The screen can show a graph of your heart rate in real time throughout the exercise you’re doing and you can also set it up to show a target zone to aim for. There are five different heart rate zones on the Spark, ranging from easy up to sprint. After your activities you’ll see a graph of your heart rate and the percentage of your time you spent in each zone. You can also try the built-in workouts on the Spark for running and cycling, which use your existing fitness level to create personalised heart rate-based interval sessions.

The Spark will also bestow upon you Fitness Points based on the intensity of your activity, which all counts towards a daily total – over 100 will help you maintain your fitness, while regularly hitting 500 will improve your VO2 max. £169.99, buy on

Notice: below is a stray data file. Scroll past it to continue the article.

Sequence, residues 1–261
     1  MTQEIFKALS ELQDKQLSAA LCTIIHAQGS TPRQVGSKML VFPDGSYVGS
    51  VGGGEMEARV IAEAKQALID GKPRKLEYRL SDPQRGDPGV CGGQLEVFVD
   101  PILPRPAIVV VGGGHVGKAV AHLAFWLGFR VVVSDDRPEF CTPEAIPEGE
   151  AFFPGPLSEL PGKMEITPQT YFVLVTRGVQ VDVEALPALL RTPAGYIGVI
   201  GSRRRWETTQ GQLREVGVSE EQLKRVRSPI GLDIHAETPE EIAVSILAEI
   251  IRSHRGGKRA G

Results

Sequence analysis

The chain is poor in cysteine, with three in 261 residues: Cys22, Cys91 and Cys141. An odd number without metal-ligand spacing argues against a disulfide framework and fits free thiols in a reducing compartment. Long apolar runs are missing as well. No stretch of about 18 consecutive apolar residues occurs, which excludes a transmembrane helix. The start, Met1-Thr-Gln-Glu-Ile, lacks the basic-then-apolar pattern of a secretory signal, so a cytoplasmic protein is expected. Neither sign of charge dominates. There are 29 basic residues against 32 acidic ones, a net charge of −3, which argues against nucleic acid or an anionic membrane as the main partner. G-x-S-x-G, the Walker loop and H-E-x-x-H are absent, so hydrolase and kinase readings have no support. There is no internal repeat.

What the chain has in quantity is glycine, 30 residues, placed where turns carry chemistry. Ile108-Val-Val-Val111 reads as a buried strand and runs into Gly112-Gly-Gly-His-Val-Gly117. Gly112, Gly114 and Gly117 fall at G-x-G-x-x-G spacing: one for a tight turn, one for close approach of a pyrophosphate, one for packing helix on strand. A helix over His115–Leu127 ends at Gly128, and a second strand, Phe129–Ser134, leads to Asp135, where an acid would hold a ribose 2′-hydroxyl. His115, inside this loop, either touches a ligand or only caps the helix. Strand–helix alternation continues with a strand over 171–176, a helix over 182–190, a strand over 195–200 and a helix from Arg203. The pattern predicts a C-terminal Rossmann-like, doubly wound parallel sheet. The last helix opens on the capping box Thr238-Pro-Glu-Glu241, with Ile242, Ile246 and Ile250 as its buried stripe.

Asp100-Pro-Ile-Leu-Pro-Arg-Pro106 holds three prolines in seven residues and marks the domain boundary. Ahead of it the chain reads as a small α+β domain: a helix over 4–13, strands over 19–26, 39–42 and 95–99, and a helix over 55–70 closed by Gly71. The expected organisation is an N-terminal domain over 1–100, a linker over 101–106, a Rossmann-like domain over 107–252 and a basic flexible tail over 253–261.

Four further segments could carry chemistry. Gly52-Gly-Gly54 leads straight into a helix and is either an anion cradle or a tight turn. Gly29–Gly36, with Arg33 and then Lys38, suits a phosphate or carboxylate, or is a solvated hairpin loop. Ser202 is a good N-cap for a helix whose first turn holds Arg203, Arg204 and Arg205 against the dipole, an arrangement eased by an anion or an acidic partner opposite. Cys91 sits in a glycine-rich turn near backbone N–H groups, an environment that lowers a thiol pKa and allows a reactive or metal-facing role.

RECOMMENDED: TomTom Spark 3 Review

The Best Chest Strap Heart Rate Monitors

If you want real accuracy with your heart rate tracking you need to go for a chest strap. Some find them a little uncomfortable and you wouldn’t want to wear them all the time like a wrist-based tracker, but they can’t be bested when it comes to reliable beats-per-minute data.

Garmin HRM-Swim

It can be tricky for even waterproof trackers to get a reliable heart rate reading when swimming because the water buffets them about and interferes with the optical sensors used on wrist wearables. This chest tracker from Garmin has a non-slip strap to keep it in place when you push off from the end of a pool, and can be used for open-water swimming as well. If you’re using another compatible Garmin device, the HRM-Swim will beam your heart rate to it every time your chest pops out of the water, but it also stores the data to upload to your smartphone so you can review it after your workout. £79.99, buy on, check price on